The Rating is the Hardest Part

I was interested to read this piece on the Voice Over Herald website that advises voice talents to post a rate card on their web page:

I definitely have an opinion on this but the preface to this is the strategy of a talent agent may be different than an individual voice talent. That said, here are my thoughts:

As an agent, I work on commission. I work for talent who expect me to negotiate, based on a number of factors that can include the usage of what’s being recorded (broadcast or non-broadcast; if broadcast, is it national or regional or local etc.), the length of the audio (if a narration), whether it will be on the web (and if so, where), the length of the session, whether this an ongoing job etc. But the main point is – they expect me to negotiate. A rate card locks you into a narrow set of rates before having all of the above information. It also limits your freedom to work with a wide spectrum of budgets and circumstances.

I certainly agree with the columnist that one shouldn’t charge more to one client than another for the exact same thing. But I disagree about posting the rate card. Perhaps there are some clients who would listen to a voice on a site and like it enough to want to know the price but then leave the site in a huff because there are no prices, but aren’t they few and far between? If someone likes a voice, I think they will take some minimum steps to potentially engage the talent – like dropping them a line to discuss rates.

And I think it far more likely that a rate card might “scare” some people off. The writer worries about those clients leaving the site because they can’t find rate info but how will he know about all the potential clients who have “only” $400 for that radio spot and the rate card says $500. So, they look at the rates and walk away, not knowing that there is room for negotiation. I think the pool of clients potentially walking away because the price doesn’t work for them is larger than the group who would leave the site because there is no pricing.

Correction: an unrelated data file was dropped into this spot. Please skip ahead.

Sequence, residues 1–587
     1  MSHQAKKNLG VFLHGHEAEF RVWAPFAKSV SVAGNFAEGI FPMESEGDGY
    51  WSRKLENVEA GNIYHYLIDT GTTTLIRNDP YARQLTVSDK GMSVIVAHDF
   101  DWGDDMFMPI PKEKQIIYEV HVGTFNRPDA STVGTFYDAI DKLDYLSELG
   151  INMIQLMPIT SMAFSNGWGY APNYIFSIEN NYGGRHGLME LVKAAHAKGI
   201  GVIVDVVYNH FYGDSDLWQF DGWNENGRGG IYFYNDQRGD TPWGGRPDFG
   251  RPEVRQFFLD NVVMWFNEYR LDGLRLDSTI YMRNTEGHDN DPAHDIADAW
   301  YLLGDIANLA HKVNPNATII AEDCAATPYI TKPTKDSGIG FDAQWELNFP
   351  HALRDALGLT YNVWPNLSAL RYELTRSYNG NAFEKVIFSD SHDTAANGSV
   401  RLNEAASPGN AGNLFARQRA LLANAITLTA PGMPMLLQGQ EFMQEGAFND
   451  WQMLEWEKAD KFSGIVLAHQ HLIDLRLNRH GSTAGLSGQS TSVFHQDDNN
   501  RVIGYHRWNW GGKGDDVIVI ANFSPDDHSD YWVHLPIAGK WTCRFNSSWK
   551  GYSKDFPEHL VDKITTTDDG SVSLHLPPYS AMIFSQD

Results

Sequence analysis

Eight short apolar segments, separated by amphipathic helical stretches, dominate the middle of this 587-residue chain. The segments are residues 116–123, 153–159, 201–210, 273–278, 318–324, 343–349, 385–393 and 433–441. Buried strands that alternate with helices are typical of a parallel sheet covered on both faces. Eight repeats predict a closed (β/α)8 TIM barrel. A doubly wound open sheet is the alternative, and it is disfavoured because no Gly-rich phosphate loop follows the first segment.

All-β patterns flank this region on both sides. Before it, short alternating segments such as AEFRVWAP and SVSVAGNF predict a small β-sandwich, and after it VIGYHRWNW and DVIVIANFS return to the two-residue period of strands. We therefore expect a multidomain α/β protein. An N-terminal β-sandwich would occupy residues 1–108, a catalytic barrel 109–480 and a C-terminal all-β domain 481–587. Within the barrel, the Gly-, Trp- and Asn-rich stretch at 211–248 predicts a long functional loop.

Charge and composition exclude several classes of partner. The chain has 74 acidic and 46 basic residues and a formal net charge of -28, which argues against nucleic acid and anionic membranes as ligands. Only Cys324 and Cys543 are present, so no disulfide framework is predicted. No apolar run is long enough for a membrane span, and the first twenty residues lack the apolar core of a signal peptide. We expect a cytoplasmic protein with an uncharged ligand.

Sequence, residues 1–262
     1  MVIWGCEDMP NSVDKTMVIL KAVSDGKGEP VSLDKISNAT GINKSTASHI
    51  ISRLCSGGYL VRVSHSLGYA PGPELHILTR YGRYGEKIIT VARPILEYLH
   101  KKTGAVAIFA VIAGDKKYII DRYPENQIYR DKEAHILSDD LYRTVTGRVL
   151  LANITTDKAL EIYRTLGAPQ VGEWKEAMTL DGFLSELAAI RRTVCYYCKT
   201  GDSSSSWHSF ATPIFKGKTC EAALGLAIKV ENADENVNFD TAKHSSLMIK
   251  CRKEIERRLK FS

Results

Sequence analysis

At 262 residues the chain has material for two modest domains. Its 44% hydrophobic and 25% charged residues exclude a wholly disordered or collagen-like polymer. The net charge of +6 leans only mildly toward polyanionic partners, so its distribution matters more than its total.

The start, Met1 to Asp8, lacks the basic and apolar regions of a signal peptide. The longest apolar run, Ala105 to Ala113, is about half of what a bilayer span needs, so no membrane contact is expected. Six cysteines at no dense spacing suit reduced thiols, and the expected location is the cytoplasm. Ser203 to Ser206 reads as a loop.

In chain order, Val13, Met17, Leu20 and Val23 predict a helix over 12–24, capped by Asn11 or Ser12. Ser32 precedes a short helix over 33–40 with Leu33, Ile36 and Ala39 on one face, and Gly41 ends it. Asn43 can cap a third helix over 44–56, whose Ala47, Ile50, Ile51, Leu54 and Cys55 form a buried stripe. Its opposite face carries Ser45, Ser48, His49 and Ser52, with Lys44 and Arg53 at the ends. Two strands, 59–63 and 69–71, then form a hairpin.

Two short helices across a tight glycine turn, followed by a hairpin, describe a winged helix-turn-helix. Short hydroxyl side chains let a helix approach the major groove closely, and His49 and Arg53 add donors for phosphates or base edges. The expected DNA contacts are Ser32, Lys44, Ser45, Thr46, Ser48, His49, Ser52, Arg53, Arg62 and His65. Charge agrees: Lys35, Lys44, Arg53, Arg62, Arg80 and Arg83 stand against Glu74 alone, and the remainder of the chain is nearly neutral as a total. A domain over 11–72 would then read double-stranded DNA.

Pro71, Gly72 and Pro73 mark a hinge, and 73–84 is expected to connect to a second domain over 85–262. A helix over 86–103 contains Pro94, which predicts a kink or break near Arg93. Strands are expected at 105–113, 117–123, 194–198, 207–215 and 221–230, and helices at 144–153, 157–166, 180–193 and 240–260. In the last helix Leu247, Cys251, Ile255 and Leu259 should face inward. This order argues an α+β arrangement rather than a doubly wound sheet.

Or what if it’s a cool project or a charity where you might consider doing the job for a lesser rate. How are they going to know that from looking at a rate card on the site that states everything in black and white?

And most importantly, as I say above, you take yourself out of the negotiation process by already giving your price, given that there are so many variables when it comes to costing out voice jobs. This is a form of acting and the entertainment & broadcast industry has dictated for decades that the way pricing is done with acting & performance is different than a standard transaction at the grocery store. So my advice is: you have chosen to play in that arena so play!

Have a ballpark rate card that you keep internally which allows you to be consistent from client to client but don’t lock yourself into rates by posting it on-line. Try your best to quote on a project by project basis, once you have all the information about a potential job.

You might also want to read my post on Top 10 Tips to doing a Successful Voice Over Deal here:

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One Response to “The Rating is the Hardest Part”

  1. Andrew Charlton Says:
    August 21st, 2016 at 10:19 am

    Voice over canada is very best blog.. I have read here.. Thanks for sharing this great information.. You have great knowledge for voice over acting.

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